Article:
An Open Letter to Hollywood

We had just reviewed some of the first cuts of the film in an editing studio on another lot. He had questions, real questions, and he humbly asked for answers. “So, what do you think?” It was the scene of Judas on the road to his own hanging, and pursued by his own demons in the form of innocent boys. “To be honest, Mel, I never thought of it like that. It’s pretty far out.”

“Yeah, but demons are far out, Father. Selling your best friend and Lord is pretty far out too. Anyone with demons will know what I mean. And there’s lots of them out there, you know, lots of people running from demons.” The conversation went something like that.

A few minutes later I was sitting in a movie set trailer with Mel Gibson and superstar producer, Steve McEveety, chomping on pita bread and buffalo mozzarella. “Try some of this olive oil, Father, it’s out of this world.” So was the environment — tense and surreal. Shooting wasn’t finished and an unexpected war had broken out. International reporters camped out at the entrances to the famous “Cine Citta” studios in Rome, hoping to get a scoop on this low budget film causing a high budget revolution back at home. The months working on and off the set of “The Passion of the Christ” changed my mind about Hollywood. It’s not that bad. Hollywood is just people, good people, talented people, wildly creative people — all of whom are products and promoters of an inbred subculture that has been sick for a very long time.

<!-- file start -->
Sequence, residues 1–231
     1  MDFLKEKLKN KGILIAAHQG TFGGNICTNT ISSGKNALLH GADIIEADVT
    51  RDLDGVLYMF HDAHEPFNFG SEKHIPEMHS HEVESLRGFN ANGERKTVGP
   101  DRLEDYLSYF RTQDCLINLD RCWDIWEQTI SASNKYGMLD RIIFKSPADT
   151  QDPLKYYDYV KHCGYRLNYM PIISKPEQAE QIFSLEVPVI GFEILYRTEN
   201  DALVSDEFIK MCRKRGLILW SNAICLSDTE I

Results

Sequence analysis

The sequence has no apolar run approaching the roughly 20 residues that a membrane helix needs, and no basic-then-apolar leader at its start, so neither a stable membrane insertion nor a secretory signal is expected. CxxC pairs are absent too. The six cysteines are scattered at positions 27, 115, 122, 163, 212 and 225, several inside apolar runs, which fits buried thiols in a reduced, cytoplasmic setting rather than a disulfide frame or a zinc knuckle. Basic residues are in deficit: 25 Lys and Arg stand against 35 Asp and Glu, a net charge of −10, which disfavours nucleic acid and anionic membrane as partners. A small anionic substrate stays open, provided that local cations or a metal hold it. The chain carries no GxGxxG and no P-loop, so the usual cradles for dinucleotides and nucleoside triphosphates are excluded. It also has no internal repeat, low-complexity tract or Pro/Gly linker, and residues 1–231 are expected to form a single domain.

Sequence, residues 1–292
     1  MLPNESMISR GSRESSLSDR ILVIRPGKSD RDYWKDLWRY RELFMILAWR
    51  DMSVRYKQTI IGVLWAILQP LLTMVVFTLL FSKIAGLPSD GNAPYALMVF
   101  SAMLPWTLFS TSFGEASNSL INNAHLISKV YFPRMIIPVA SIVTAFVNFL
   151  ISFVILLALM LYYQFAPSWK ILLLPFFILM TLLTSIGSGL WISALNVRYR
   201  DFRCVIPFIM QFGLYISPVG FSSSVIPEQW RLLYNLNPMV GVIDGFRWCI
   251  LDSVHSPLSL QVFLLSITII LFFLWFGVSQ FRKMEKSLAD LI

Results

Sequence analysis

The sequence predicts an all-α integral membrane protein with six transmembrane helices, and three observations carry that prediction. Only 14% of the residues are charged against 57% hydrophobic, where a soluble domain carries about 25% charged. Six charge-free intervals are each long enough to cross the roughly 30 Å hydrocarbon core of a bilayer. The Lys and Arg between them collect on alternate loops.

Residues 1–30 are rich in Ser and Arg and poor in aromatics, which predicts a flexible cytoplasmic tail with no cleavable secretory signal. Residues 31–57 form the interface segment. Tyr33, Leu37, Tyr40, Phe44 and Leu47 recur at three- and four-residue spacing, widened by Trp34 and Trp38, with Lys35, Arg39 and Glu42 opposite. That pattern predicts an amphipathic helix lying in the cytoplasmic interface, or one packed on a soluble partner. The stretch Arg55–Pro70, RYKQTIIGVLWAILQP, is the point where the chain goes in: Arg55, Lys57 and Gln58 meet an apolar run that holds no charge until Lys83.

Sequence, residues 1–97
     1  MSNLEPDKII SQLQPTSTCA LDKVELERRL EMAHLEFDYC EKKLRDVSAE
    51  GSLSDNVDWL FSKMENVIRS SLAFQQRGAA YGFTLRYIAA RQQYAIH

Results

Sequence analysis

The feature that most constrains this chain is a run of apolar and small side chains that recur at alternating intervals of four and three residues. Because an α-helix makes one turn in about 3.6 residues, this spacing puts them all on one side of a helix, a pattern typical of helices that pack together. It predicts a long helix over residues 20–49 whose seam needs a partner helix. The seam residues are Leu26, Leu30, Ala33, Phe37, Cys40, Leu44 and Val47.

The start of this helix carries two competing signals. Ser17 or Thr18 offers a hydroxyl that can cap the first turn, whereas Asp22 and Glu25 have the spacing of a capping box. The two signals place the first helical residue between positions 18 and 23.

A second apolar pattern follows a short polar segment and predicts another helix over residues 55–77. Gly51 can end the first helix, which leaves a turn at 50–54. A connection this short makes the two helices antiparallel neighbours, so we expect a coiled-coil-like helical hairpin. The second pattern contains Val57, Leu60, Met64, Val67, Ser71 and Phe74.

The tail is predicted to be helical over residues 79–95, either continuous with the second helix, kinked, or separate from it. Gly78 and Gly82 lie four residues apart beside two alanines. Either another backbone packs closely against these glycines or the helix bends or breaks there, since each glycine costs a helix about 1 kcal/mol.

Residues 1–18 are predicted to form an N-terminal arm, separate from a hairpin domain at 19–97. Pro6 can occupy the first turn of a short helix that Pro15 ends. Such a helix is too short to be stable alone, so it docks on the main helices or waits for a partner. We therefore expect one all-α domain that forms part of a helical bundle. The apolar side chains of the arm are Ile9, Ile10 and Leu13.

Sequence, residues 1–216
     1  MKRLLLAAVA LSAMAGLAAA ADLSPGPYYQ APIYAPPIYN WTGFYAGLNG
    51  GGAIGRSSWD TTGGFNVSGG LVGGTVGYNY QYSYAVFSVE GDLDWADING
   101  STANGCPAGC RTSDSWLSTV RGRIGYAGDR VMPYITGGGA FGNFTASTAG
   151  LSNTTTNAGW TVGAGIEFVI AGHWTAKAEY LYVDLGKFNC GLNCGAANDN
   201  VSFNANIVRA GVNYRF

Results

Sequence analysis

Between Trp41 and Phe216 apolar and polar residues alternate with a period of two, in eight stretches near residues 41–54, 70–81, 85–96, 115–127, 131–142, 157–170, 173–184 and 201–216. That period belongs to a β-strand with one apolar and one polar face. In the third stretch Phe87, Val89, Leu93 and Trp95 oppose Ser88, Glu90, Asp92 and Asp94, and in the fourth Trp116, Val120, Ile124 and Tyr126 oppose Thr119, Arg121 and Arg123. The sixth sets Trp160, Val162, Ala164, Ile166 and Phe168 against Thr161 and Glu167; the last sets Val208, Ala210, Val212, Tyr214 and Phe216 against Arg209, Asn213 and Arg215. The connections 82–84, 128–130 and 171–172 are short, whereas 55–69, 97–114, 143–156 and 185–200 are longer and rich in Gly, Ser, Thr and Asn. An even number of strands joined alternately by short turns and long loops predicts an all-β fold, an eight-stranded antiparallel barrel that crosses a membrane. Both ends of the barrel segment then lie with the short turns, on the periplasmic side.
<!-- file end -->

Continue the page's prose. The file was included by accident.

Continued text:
My role in “The Passion” was minor, but I learned a lot, including that Hollywood is small, and fun and smart, and the people all care. Some care about ideas, many care about each other, and all care about money.

Last night’s Oscars taught me something else. Money might matter more to more Hollywood stars, but ideas are much cooler — and that's why they win Oscars." If only the two could be united — cool ideas that make money! How happy my Hollywood friends would be! Because I care about Hollywood, the people, I sat down and came up with a few hints from me to them about how to do just that.

An Open Letter to Hollywood:

Dear Hollywood,

I’m writing on behalf of all Americans. It’s been a while since you’ve been in touch with us. You haven’t called, you haven’t written, but you keep sending films. Just thought I would drop you a line.

You see, I’m concerned about you, and about your future. We saw your Oscars show last night. Some things were just like we remember. Jon Stewart behaved himself quite nicely and, though very different from other emcees we knew and loved, I still think Bob Hope would have been proud. The red carpet, pretty dresses, all the glitter…I know it’s all a bit superficial, but it’s captured our heart just the same. It’s always exciting to see familiar faces and get a feel for what our favorite actors and actresses must be like in real life. Oh, and the drama of it all. Don’t change that!